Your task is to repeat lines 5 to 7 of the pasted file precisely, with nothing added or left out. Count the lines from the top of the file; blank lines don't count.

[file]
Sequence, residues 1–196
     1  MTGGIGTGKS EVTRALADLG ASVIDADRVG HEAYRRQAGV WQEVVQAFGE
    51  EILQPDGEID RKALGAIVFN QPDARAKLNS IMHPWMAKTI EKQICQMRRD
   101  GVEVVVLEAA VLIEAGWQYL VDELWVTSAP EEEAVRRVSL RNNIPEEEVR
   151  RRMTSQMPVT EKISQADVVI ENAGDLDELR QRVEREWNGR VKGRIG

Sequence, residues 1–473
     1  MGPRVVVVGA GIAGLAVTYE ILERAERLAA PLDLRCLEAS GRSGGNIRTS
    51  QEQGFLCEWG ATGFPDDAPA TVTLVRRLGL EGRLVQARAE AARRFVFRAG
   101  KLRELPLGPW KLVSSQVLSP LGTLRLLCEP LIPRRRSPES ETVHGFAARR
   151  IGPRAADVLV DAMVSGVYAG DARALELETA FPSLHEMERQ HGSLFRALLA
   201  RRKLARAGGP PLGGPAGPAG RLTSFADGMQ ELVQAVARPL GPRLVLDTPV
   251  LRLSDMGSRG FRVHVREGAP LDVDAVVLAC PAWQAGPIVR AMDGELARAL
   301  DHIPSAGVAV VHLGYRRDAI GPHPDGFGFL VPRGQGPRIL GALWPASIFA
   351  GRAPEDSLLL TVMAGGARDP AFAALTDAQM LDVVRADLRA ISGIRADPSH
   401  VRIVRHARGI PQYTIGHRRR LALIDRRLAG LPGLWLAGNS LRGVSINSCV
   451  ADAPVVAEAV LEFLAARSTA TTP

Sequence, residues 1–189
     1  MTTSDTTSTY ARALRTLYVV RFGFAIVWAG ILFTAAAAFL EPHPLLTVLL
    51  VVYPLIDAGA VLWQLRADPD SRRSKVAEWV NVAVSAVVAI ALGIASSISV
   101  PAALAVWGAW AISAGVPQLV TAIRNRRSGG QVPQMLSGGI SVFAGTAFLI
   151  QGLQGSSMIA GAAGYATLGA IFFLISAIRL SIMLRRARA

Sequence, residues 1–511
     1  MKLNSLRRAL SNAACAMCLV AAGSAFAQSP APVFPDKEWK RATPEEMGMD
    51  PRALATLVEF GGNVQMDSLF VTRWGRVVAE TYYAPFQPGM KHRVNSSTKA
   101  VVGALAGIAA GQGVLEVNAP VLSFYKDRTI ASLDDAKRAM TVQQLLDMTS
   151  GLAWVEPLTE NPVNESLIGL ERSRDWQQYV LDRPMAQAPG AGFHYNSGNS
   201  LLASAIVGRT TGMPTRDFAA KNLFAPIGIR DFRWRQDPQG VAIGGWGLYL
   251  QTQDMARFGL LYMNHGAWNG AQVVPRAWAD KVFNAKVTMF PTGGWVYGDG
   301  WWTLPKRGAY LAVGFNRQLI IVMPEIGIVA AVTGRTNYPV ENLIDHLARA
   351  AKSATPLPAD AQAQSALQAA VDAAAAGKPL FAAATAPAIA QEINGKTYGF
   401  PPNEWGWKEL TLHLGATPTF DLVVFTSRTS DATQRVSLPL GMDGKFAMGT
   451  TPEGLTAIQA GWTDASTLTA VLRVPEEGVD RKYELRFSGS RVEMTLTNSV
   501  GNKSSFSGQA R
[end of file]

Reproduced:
   151  RRMTSQMPVT EKISQADVVI ENAGDLDELR QRVEREWNGR VKGRIG

Sequence, residues 1–473
     1  MGPRVVVVGA GIAGLAVTYE ILERAERLAA PLDLRCLEAS GRSGGNIRTS